By Ben Eguzozie.
Geopolitics, especially the dynamics that have so far played out in the war between Russia and Ukraine, are lining the path finely for Nigeria to hit its earning target of as much as $9 billion annually from its LNG Train 7 when the $7 billion gas liquefaction plant goes on stream.
Hard data from the International Energy Agency and the OPEC [Organisation of Petroleum Exporting Countries], supplied by IHRDC, also confirm the figure but it is developments in Europe and the raft of actions so far that clearly point to this happening. The Nigeria LNG Train 7 project will increase Nigeria’s production capacity by 35 percent from the current 22 million tonnes per annum (mtpa) to 30 mtpa.
Nigeria is a key LNG supplier to Europe. In 2021, exports amounted to 12.63 billion cubic metres (bcm), according to data from S&P Global Platts Analytics. The biggest buyers were Spain with 49 cargoes supplied or 4.3 bcm of gas equivalent, followed by France with 38 cargoes. Others are Portugal with 34 cargoes, and Turkey 15 cargoes, the data showed.
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Earlier in February this year, Nigeria and the EU agreed to look at “all options” for increasing the supply of Nigerian LNG to Europe, as Brussels continued its push to engage with its gas supply partners amid the impasse between Russia and the West over the former’s aggression against Ukraine.
Concern over Russian gas supply to Europe has seen the European Commission make significant diplomatic efforts to seek additional gas deliveries from alternative suppliers – Africa and Asia.
According to EC executive vice president Margrethe Vestager, while on a visit to Nigeria in February, LNG supplies were high on the visit’s agenda.
“The importance of the energy relationship between Nigeria and the EU featured, while consideration of all options for increased supply of LNG from Nigeria to the EU was agreed to, following a request from the EU,” said the office of the former vice president Yemi Osinbajo then.
In May 2020, Nigeria LNG Limited (NLNG) awarded the Engineering, Procurement and Construction (EPC) contracts for its Train 7 project to SCD JV Consortium, comprising affiliates of Saipem, Chiyoda and Daewoo.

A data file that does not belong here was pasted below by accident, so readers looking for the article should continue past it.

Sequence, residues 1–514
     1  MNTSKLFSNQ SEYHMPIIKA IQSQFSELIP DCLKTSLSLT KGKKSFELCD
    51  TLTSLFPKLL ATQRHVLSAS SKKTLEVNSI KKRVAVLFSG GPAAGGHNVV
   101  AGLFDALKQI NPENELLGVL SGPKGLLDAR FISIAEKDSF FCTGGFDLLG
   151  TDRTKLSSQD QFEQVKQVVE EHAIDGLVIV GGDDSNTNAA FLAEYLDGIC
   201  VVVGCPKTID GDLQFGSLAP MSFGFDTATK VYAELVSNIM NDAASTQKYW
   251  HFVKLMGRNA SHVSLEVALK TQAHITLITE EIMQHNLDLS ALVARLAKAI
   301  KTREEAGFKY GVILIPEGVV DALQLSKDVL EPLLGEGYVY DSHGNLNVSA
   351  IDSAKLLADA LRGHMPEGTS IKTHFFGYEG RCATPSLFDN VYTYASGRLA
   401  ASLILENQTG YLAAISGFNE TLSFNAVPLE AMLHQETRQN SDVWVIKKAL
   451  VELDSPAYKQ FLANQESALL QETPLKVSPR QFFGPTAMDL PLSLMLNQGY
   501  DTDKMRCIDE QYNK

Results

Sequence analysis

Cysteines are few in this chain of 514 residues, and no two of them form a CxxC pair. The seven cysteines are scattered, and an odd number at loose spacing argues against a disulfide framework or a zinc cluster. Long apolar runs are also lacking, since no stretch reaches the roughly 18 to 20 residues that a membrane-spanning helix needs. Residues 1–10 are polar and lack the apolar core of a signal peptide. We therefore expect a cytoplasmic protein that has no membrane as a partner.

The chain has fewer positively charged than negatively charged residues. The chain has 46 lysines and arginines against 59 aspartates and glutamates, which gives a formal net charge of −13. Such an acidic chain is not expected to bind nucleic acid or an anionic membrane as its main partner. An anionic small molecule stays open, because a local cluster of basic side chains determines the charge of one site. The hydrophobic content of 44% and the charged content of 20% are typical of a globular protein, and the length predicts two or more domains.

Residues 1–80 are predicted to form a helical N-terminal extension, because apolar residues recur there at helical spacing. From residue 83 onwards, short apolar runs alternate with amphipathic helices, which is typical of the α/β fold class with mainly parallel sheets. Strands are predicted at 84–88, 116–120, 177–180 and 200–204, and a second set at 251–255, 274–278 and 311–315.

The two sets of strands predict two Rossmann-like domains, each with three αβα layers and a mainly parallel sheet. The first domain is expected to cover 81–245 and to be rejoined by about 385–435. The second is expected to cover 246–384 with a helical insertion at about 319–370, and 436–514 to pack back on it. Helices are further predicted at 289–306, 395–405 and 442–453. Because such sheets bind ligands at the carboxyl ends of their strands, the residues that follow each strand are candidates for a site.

Energy sector analysts adduce that the project will create some 12,000 direct jobs at full capacity. It is expected to come on stream by 2024. Nigeria’s LNG has been a success story since incorporation in 1989, delivering its 1st LNG cargo in October 1999, and completing a 6th Train in 2008.
Despite the encouraging performance, a 12-year hiatus marked the country’s LNG story, as it was only coming up with a new train, with an FID taken by 2021.
Claudio Steuer, country manager of IHRDC and director of SyEnergy, quoting data from OPEC, IEA and the World Bank, said Nigeria was currently earning $6.5 billion from LNG. Steuer said the country made impressive performance in gas flare-down in a decade. Using the LNG scheme, Nigeria effectively converted a wasted resource into $130 billion in 20 years —2000 to 2020 — reducing 71% of flared gas to 7.2 billion cubic feet (bcm) from 25 bcm of gas in 2000.
The Nigeria LNG Train 7 project will primarily add a seventh LNG processing unit with a production capacity of 4.2 mtpa and supporting infrastructure including an 84,200m³ storage tank, a 36,000m³ condensate tank, and three gas turbine generators at the terminal.
The project, whose cost is put at $7 billion, will also include debottlenecking of the existing six trains that will increase the processing capacity by 3.4 mtpa, and the construction of wells and pipelines to supply additional feed gas to the LNG facility. Nigeria’s six-train LNG export facility has a capacity of 22.5 million metric tonnes per year (31 bcm per year), but it is being expanded to 30 million metric tonnes per year with the addition of the seventh train.